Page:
I use only honey-sweetened coffee grounds and just a teaspoon of cinnamon powder to scent this soap, so my Easy Coffee Cinnamon & Honey Soap Recipe is about as natural as you can get – and it smells heavenly.
What’s more, with this recipe you won’t need any coloring whatsoever, the coffee does it naturally all by itself!
For this recipe, I used my favorite goat’s milk melt and pour soap base, and while goat’s milk doesn’t typically give too much lather, it does give just the right amount to leave your skin feeling thoroughly cleansed. It’s also very moisturizing as well as incredibly gentle on the skin (see my photo of the lather below).
I think this long-lasting Coffee Cinnamon & Honey Soap would make a lovely hand soap to keep by your kitchen sink thanks to its delicate coffee scent and vintage/rustic aesthetic – although it’s also just as suitable for the bath and shower too!
For this recipe, I will be using just 1/2lb of melt and pour soap base. This will make approximately 5 bath-soap-sized bars (measuring approximately 3.1″ x 2.2″ x 1″ and weighing 3.4 oz).
Soap bases usually come in weights of 1lb or more, so you can easily double the recipe if you like, or why not try out my favorite Super-Easy Homemade Honey & Oatmeal Soap Recipe as well.
Just so you know, using the melt and pour method means that you won’t be using any of the harsh chemicals that you would if you were to use the lye process to make soap from scratch – that’s because the saponification process has already been done for you. If you would like a little more information on the difference between this method and making soap from scratch, or, if you fancy choosing a soap-making kit, please click here.
Fragrance – If you would like your soap to have a stronger scent you can add coffee essential oil and or vanilla – although I honestly prefer this soap without. The scent when following my recipe is delicate and more natural.
Adding honey to the coffee grounds sweetens the scent of the coffee grounds perfectly and the cinnamon gives the soap a cozy hint of warmth.
Color – The recipe doesn’t require any additional coloring whatsoever. The all-natural color of this soap is a rich, even chocolatey brown throughout – just from the coffee and a small amount of cinnamon alone.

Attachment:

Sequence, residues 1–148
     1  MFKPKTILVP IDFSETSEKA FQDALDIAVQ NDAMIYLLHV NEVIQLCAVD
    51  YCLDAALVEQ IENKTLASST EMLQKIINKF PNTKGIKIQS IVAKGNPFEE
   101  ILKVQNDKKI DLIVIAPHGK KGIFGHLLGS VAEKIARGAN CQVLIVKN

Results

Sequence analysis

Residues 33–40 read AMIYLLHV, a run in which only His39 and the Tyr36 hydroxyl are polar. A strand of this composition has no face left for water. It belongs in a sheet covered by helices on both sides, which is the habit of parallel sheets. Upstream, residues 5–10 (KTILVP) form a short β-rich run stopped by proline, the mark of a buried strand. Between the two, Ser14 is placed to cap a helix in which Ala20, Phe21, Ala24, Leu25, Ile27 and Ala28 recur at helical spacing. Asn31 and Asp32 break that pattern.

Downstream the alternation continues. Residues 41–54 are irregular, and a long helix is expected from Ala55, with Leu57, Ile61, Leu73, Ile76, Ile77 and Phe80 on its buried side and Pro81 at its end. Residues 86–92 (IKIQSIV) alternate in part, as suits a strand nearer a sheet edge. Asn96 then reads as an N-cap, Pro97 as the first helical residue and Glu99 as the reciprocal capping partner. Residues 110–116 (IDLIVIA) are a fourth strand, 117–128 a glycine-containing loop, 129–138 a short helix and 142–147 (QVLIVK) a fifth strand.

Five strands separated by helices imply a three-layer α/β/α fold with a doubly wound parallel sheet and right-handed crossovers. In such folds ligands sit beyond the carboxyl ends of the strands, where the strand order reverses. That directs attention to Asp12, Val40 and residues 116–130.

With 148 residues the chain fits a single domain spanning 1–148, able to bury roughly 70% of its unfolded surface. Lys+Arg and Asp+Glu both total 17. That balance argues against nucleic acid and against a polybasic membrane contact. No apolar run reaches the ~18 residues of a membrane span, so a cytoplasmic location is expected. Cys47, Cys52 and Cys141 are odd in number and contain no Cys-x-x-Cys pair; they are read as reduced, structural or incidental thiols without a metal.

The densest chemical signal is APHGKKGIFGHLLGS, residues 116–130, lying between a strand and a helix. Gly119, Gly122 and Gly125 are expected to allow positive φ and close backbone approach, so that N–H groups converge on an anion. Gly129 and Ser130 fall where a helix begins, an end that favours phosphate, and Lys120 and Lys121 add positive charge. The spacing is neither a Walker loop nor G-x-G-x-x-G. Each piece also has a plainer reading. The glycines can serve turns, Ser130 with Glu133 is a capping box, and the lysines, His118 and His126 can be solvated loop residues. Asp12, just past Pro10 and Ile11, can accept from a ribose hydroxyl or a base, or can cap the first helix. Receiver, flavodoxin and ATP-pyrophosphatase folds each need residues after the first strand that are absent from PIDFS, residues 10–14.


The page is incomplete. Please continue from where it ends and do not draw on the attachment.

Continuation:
Cinnamon – This ingredient may be left out if you prefer, it won’t affect the recipe.
Oils – I added extra virgin olive oil to my mixture as it’s my favorite, but the recipe will work just as well with another oil of your choice.
Base – This recipe uses a goat’s milk soap base which is just so creamy and silky smooth, not to mention, very gentle for sensitive skin. But you can substitute it for a different melt and pour base if you wish.
Rubbing Alcohol – A small spritz of isopropanol alcohol (rubbing alcohol) is used to eliminate any bubbles that may form on the top of your soap. If you don’t wish to use this ingredient, the soap will be perfectly fine but may look a little less than neat.
- 1/2 lb Goat’s Milk Soap Base
- Silicone Soap Mold (this set also contains a spatula)
- Glass Jug
- 1/4 Cup of Used Coffee Grounds
- 2 tbsps Honey
- 1 1/2 tbsp Extra-Virgin Olive Oil
- 1 tsp Ground Cinnamon
- Rubbing Alcohol (Spray)
- Cut the soap base into roughly 1-inch-sized cubes. (The soap base can easily be cut with an ordinary kitchen knife.)
- In a small dish or bowl mix the used coffee grounds with the honey and cinnamon (if used). Warm the honey in the microwave a little if needed to help mix it with the grounds.
- Place the soap base cubes in a glass jug, and heat in the microwave until all of the cubes melt. Be careful not to overheat the soap base. You should melt the cubes in short bursts and stir in between heating times.
- Add the coffee mixture and extra-virgin olive oil and stir well.
- Pour equally into the silicone mold.
- Lightly spray the surface of the soap with rubbing alcohol to eliminate any bubbles.
- Allow the soap to cool and set by leaving it undisturbed for approximately two hours.
- When the soap is set, carefully turn out the soaps from the mold. Don’t worry soap molds are thin which makes this process very easy.
And that’s it… easy wasn’t it?